Association between vertebral fractures and coronary artery calcification in current and former smokers in the ECLIPSE cohort.
Osteoporos Int. 2019 Nov 25;: Authors: van Dort MJ, Driessen JHM, Geusens P, Romme EAPM, Smeenk FWJM, Rahel BM, Eisman JA, Wouters EFM, van den Bergh JPW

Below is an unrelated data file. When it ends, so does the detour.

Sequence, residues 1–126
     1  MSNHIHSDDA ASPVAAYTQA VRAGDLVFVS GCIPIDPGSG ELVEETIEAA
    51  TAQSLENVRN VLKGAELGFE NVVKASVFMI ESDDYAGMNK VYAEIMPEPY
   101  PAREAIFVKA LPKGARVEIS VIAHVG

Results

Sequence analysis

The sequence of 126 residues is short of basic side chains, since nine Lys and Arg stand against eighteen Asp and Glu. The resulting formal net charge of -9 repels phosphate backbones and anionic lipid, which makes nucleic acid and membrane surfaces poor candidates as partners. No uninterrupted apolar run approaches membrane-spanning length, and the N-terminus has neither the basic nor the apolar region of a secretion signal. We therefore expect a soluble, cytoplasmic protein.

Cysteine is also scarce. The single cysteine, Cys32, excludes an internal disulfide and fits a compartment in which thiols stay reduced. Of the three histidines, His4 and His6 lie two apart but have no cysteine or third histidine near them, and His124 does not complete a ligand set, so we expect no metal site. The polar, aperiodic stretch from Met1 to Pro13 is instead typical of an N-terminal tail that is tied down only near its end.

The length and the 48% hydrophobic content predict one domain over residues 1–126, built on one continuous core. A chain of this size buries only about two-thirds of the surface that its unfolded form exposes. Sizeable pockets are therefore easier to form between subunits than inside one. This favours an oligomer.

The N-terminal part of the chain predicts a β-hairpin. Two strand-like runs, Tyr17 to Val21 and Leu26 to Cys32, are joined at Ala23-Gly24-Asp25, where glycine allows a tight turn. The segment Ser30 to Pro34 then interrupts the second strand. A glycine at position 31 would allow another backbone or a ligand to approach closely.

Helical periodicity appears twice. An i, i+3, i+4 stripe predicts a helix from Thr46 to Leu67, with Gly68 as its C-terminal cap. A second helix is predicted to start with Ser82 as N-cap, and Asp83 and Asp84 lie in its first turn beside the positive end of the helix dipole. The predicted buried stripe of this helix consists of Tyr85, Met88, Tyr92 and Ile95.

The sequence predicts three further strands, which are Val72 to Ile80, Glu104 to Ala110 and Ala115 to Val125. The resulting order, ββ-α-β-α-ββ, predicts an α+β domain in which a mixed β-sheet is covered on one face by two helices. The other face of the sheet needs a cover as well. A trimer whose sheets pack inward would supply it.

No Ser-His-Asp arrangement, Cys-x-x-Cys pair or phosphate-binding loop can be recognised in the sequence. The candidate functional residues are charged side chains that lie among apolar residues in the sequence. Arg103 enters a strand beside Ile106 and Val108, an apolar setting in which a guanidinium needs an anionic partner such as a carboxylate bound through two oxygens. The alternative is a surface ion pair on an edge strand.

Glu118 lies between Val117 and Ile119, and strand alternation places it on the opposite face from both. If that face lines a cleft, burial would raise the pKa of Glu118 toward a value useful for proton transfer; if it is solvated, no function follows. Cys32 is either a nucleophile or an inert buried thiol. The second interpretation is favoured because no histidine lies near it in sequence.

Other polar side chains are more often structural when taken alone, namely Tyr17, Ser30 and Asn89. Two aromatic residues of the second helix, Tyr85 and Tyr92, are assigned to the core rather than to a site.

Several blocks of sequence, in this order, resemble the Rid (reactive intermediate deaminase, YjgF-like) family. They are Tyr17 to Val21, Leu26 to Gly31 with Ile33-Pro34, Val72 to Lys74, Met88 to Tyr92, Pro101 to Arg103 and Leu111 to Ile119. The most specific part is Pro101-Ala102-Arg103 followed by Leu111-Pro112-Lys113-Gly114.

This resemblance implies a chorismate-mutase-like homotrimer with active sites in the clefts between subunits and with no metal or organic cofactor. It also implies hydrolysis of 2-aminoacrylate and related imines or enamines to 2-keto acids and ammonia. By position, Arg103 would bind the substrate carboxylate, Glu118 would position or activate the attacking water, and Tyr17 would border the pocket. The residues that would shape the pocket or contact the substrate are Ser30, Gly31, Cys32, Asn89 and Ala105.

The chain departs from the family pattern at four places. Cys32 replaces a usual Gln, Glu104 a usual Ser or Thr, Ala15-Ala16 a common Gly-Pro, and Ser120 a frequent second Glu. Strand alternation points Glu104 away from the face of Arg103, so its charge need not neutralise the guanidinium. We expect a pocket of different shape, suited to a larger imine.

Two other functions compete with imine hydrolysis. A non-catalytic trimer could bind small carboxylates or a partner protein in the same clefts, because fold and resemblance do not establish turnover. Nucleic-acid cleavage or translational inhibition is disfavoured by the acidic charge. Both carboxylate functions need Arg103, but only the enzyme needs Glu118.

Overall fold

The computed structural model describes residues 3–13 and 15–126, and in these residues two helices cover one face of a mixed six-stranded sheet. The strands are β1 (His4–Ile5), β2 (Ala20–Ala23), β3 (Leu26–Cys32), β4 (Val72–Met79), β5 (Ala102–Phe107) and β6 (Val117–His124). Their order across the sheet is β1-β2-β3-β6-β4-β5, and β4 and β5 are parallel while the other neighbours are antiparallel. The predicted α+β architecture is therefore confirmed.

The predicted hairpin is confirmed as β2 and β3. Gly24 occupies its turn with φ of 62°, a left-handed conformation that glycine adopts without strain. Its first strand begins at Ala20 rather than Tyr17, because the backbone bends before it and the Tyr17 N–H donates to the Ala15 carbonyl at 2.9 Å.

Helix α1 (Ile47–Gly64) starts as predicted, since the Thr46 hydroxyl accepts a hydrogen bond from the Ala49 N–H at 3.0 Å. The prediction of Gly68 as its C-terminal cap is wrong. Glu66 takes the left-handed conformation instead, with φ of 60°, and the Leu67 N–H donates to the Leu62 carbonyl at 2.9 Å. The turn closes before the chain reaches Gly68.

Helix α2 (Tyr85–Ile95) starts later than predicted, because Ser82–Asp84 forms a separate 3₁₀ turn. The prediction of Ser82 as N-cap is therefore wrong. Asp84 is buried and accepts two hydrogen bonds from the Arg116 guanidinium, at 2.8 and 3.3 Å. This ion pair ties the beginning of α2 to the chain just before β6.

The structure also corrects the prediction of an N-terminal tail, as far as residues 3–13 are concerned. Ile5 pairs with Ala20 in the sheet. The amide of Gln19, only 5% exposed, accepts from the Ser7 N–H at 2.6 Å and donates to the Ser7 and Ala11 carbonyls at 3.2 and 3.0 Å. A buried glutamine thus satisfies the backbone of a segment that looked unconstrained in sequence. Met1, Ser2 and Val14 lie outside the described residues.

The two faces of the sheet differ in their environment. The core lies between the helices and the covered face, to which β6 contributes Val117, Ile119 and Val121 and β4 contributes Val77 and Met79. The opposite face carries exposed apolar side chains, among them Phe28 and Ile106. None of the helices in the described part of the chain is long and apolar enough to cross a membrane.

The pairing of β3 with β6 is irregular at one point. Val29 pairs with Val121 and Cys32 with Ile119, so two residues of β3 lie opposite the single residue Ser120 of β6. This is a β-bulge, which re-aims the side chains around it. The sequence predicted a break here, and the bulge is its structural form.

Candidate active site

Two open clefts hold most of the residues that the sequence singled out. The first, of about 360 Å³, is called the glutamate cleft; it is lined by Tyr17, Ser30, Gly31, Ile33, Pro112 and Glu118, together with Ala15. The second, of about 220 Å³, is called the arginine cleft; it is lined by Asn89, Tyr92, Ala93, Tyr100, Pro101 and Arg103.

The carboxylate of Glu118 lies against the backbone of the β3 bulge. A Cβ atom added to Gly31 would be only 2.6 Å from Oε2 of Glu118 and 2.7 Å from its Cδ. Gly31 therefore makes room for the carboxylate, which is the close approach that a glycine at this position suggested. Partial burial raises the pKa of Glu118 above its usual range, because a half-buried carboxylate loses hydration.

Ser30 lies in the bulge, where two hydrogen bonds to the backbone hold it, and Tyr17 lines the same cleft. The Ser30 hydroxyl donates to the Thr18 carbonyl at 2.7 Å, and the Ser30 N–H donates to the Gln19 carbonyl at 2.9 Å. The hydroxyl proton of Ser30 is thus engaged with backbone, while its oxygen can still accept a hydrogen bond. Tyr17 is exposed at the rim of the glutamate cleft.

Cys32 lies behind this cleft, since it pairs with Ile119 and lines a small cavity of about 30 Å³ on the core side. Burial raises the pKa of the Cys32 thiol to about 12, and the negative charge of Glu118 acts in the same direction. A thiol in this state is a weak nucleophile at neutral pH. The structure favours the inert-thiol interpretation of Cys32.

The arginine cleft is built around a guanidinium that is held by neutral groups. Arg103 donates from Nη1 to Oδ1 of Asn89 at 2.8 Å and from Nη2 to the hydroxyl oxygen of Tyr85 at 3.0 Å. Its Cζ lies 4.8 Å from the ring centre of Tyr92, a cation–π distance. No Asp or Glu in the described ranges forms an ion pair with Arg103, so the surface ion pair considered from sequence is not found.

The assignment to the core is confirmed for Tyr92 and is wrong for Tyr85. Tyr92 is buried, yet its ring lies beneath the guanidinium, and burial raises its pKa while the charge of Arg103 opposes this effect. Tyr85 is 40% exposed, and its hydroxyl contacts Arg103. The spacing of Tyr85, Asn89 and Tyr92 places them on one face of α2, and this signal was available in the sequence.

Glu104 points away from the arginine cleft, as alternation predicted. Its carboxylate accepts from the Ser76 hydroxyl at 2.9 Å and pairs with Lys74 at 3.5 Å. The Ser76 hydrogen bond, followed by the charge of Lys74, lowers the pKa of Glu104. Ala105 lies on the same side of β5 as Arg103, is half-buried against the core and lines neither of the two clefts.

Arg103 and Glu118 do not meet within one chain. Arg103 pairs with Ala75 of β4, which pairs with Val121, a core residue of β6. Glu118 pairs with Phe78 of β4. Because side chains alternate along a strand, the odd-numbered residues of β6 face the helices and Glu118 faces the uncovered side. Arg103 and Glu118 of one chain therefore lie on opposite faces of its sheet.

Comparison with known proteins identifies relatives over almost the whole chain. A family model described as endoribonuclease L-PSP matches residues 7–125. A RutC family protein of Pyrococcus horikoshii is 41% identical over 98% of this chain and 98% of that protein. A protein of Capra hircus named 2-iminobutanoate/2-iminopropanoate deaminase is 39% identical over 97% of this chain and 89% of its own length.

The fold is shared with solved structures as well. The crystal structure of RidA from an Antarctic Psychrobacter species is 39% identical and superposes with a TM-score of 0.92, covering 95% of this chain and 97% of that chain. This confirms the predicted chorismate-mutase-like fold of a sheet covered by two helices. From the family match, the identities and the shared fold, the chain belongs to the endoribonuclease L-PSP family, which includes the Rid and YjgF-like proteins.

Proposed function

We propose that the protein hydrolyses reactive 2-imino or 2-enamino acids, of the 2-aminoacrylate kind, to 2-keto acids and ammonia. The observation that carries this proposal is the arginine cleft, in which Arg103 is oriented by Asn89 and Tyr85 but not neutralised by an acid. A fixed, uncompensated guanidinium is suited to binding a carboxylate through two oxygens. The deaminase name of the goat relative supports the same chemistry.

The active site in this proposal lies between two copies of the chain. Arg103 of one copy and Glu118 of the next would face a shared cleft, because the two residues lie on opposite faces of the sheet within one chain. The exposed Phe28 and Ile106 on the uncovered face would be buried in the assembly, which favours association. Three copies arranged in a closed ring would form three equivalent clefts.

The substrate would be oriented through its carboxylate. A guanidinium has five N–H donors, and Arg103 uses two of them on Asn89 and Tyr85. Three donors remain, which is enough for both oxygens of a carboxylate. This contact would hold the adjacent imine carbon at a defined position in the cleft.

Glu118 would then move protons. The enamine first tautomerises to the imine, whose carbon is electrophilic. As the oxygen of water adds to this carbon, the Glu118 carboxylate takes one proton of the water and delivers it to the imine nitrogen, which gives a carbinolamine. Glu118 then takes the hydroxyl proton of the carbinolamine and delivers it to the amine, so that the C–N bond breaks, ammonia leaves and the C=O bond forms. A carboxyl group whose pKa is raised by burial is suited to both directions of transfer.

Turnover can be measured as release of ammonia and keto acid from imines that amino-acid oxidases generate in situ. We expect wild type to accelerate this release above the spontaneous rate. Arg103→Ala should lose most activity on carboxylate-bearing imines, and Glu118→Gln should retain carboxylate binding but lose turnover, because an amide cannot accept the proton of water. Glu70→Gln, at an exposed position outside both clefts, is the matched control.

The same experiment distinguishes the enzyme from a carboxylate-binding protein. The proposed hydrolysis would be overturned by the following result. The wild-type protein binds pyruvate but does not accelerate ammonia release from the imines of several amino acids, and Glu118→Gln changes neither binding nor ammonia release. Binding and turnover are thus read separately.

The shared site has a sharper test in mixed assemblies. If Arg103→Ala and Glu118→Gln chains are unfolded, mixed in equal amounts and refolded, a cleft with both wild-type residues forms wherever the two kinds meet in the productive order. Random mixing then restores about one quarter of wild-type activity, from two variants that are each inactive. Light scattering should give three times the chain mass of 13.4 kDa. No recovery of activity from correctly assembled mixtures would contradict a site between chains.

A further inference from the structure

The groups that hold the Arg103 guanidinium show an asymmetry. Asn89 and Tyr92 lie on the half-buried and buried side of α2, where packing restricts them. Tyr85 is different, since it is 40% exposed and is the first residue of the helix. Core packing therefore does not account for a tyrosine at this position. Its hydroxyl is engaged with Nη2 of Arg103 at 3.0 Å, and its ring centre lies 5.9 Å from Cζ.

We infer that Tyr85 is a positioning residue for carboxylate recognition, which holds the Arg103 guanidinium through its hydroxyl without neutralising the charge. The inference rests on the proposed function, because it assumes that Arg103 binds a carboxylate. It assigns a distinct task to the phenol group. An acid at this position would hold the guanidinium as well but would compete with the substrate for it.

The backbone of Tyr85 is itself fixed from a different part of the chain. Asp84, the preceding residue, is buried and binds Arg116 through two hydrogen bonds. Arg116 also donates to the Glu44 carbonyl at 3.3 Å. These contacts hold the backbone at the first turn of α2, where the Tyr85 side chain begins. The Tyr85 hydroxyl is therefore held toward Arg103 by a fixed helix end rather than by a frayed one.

INTRODUCTION: Prevalence of VFs among smokers and patients with chronic obstructive pulmonary disease (COPD) is high, and an association between CAC and osteoporosis has been described. We investigated the associations between VFs and CAC (expressed in Agatston score) in (former) smokers. METHODS: Current and former smokers from the ECLIPSE study (designed to determine underlying COPD progression mechanisms) were studied. Baseline Agatston score (zero (0), medium (1-400), or high (> 400)), baseline bone attenuation (BA), and prevalent and incident VFs (vertebrae T1-L1) were assessed on CT. RESULTS: A total of 586 subjects were included (mean age 59.8 ± 8.3; 62.3% men; 70.1% with COPD; 21.0% with prevalent VFs; 196 with zero, 266 with medium, and 124 with high Agatston score). Of these, 23.4% suffered incident VFs within 3 years. In multivariate models, prevalent VFs were associated with medium (1.83 [95% CI 1.01-3.30]) and with high (OR = 3.06 [1.45-6.47]) Agatston score. After adjustment for BA, prevalent VFs were still associated with high (OR = 2.47 [1.13-5.40]), but not significantly with medium Agatston score (OR = 1.57 [0.85-2.88]). Similarly, after adjustment for BA, high (OR = 2.06 [1.02-4.13]) but not medium Agatston score (OR = 1.61 [0.88-2.94]) was associated with prevalent VFs. Agatston score at baseline was not associated with short-term VF incidence. CONCLUSION: In (former) smokers, there was an association between prevalent VFs and Agatston score. Chest CT scans provide the opportunity to also evaluate for VFs and CAC, which are potentially important comorbidities, each of which is amenable to effective interventions. PMID: 31768590 [PubMed - as supplied by publisher]